David Beckworth recently asked former Fed governor Randal Quarles why the Fed didn’t move last fall to stop inflation. Here’s how Quarles responded:
Quarles: This is maybe an eccentric belief. I don’t think that it’s universally shared or even widely shared on the FOMC. But my belief is that it’s a separate element of the Fed religion that resulted in not moving in the fall, and it became clear that it was time to pivot to withdrawing accommodation, and it’s a long-standing kind of Fed principle that you shouldn’t step on the gas and the brake at the same time; meaning that you shouldn’t be raising interest rates at the same time as you are still increasing the size of the balance sheet. And so we had decided that we needed to taper the balance sheet purchases. The lesson of the taper tantrum under Bernanke was that you’ve got to telegraph that well in advance. You’ve got to do that gradually, in order to avoid disrupting markets. And you have to have completed that before you can start raising interest rates so that you’re not doing two conflicting things. So that was the sequencing.
Macroeconomics is full of myths. There’s a widely held (false) belief that the US ran unusually big budget deficits during the 1960s, and that the high inflation of the 1970s was due to supply shocks. The idea that there was a “taper tantrum” in 2013 that “disrupted markets” seems to be another popular myth. Where is the evidence for that claim?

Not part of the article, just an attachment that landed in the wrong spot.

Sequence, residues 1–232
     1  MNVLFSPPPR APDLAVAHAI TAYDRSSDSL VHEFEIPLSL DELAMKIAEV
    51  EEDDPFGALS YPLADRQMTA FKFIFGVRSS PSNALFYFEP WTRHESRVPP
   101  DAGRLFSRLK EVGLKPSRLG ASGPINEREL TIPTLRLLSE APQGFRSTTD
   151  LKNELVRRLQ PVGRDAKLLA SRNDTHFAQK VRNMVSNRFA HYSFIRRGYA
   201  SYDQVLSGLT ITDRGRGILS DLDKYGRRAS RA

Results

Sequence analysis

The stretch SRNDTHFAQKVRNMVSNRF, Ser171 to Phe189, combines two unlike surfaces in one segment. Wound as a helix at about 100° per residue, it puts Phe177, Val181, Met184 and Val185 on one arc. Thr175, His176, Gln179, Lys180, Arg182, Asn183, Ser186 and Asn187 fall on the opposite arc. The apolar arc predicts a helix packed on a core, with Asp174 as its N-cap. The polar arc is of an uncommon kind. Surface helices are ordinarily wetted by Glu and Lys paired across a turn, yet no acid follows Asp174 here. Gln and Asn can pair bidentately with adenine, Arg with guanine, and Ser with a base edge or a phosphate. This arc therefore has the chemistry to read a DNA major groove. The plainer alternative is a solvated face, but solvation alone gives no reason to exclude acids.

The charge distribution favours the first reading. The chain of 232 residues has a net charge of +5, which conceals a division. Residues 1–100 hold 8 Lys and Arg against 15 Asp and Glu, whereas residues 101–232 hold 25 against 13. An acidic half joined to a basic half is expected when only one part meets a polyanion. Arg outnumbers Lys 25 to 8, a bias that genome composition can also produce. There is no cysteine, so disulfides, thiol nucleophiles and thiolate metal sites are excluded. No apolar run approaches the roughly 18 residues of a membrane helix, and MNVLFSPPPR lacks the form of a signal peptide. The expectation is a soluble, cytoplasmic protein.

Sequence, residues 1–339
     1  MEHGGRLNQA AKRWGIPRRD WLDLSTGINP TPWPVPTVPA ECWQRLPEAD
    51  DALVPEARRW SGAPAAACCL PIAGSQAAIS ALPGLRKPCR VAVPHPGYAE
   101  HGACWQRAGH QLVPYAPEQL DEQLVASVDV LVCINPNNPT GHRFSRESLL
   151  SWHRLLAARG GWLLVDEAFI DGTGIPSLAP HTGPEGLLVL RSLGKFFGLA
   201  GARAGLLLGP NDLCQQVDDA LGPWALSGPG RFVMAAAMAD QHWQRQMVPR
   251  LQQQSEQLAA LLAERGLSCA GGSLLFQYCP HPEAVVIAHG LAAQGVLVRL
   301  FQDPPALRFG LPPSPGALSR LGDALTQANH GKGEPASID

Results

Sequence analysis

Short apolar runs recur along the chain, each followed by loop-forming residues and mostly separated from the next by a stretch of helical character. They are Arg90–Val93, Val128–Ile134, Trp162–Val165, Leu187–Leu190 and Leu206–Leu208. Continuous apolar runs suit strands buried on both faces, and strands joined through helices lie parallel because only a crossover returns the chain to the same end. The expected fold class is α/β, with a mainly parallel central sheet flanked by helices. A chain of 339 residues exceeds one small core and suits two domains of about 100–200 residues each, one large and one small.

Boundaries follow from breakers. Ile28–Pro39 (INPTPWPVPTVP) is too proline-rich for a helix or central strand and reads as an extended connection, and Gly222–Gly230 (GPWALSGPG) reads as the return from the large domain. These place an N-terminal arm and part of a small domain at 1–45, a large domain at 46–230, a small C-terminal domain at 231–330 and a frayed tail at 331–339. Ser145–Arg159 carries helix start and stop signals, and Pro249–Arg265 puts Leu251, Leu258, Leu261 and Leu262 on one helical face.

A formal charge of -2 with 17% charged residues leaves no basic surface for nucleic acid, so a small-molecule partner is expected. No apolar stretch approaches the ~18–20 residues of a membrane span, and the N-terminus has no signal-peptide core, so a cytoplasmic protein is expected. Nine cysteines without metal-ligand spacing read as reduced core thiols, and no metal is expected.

FWIW, here is the S&P500 in the year after Bernanke’s May 22, 2013, speech on the need to eventually taper bond purchases (a rather obvious point, BTW):
Notice that the speech did not cause any stock market turmoil, either immediately or over the next 12 months. Nor was there any major market reaction to Bernanke’s speech in the bond market, although long-term rates did trend upwards due to a stronger than expected economy in late 2013. (The policy was unwise, but that’s because inflation was too low at the time.)
Quarles suggests that in the fall of 2021, the Fed responded to this phony “lesson” by doing nothing to restrain inflation. Today, frustrated stock and bond market participants must be grumbling “thanks for nothing”, as the Fed’s inaction ended up causing a market tantrum in 2022, with the economy surging to high inflation and as stock and bond prices falling sharply:
As I keep saying, the Fed should not focus on stabilizing financial markets; they should focus on stabilizing expected NGDP growth. Stable financial markets cannot be engineered artificially; they result from stability in the broader economy.
The Fed needs to keep its eye on the ball: